The Senate Ethics Committee unanimously approved Tuesday the lesser of two noteworthy ethics bills this legislative session.
Members, however, made minor changes to House Bill 310, which would send the bill back to the House if the Senate approves it.
HB 310 would allow candidates to use their campaign funds to pay legal fees and also allow the state ethics commission to send notices to late filers using more than just certified mail.
It would make clear that attorneys’ fees are a normal and acceptable expense for campaigns. Gov. Nathan Deal was accused of violating state ethics laws by using state campaign funds to pay legal fees related to a federal ethics investigation while he was running for governor in 2009 and 2010.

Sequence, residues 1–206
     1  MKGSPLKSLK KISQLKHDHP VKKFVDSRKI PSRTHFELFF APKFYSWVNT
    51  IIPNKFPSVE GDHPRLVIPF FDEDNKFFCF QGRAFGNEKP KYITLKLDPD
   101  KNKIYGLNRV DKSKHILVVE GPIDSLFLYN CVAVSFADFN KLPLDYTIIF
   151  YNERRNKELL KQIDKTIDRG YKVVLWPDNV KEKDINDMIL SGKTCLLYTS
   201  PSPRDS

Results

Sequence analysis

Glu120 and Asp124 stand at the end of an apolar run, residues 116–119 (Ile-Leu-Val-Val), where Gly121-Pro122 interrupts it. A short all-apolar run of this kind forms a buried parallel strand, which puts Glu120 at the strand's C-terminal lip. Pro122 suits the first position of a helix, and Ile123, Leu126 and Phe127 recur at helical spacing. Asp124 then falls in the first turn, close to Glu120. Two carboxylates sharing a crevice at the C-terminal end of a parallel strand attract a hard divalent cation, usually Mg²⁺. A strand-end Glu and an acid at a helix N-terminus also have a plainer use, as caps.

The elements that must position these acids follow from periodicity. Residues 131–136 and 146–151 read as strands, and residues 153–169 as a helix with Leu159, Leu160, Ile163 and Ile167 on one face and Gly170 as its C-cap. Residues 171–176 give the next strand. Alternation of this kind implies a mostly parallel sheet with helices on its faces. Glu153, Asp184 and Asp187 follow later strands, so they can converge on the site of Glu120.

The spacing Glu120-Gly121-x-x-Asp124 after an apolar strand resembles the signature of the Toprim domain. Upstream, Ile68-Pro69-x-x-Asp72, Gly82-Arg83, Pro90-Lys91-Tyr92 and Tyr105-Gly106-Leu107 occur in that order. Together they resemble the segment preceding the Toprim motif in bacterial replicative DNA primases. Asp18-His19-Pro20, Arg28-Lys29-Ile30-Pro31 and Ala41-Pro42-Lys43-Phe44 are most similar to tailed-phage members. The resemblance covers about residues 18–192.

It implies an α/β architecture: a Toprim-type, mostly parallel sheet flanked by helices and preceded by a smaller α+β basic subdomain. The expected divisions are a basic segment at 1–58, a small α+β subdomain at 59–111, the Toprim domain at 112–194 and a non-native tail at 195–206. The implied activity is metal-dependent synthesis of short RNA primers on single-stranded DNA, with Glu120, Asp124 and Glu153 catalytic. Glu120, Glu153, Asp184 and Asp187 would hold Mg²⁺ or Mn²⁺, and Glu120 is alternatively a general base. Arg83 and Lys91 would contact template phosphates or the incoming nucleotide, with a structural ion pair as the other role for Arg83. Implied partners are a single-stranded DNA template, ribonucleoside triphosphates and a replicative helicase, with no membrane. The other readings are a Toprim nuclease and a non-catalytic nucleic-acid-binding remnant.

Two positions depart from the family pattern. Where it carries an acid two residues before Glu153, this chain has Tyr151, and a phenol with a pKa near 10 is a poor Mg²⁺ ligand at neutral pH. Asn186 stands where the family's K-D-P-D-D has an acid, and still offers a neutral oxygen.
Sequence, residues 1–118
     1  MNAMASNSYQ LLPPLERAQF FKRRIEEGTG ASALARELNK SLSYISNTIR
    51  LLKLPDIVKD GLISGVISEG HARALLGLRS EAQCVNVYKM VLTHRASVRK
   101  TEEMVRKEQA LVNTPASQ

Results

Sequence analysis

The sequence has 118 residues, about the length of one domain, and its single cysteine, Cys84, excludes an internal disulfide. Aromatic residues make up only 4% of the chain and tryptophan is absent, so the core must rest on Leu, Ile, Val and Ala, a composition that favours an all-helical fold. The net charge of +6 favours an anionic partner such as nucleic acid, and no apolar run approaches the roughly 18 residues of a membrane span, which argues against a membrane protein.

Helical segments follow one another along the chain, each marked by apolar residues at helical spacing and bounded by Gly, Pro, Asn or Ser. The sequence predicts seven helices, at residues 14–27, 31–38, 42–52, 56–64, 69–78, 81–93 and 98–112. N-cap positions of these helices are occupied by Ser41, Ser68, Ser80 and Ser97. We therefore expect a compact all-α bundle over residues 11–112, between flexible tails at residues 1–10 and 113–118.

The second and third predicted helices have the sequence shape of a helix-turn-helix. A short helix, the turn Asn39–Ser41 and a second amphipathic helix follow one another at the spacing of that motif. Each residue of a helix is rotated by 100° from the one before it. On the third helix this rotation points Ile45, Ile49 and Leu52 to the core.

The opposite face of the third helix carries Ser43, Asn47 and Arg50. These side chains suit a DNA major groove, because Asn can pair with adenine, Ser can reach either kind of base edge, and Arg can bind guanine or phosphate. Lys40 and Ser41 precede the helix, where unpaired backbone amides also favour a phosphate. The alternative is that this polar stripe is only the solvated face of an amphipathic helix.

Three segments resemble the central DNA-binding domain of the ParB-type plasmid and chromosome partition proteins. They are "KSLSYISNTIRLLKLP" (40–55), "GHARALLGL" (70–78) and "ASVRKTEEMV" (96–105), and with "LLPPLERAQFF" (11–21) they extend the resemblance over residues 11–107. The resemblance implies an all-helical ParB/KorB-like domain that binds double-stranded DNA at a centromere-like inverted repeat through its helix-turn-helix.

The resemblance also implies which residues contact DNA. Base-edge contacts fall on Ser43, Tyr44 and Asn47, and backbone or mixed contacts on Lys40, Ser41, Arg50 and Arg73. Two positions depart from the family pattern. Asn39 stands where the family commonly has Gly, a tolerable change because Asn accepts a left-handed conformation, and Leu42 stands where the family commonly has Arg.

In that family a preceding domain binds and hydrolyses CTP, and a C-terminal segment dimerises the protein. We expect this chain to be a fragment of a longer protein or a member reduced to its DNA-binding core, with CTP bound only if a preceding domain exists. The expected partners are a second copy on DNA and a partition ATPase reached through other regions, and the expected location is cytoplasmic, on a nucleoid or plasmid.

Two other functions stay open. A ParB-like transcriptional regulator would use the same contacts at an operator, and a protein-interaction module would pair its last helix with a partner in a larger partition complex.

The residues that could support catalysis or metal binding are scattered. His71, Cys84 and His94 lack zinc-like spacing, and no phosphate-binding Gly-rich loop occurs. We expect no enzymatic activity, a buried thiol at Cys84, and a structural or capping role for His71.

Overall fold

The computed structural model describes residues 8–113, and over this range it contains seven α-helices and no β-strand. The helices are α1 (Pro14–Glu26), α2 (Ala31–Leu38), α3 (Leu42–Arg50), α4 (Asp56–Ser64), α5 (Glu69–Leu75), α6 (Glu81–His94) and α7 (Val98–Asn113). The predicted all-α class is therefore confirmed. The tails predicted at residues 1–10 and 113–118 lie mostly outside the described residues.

Holly LaBerge, executive director of the state ethics commission, said Tuesday that the proposed change came directly from that experience. The commission last year voted 3-1 to dismiss the complaint, and HB 310 would change state law to reflect the commission’s decision.
The bill would also allow the ethics commission to send notices to late filers in the same way the late report was filed. Current law requires the commission to send certified letters through the mail for every late report at a cost of more than $5 each.
The change is expected to be “quite a savings,” said the bill’s sponsor, House Ethics Committee Chairman Joe Wilkinson, R-Sandy Springs.
HB 310 would allow the commission to send those late notices electronically if the late report was filed electronically.
The commission requested the changes.
The Senate Rules Committee has yet to take up the bigger of the two noteworthy ethics bills. House Bill 142 would generally ban lobbyists’ gifts to lawmakers, although it has a number of loopholes and would also force volunteer advocates to register just like high-powered paid lobbyists. Senate leaders especially do not like the registration requirement and will likely work to change it.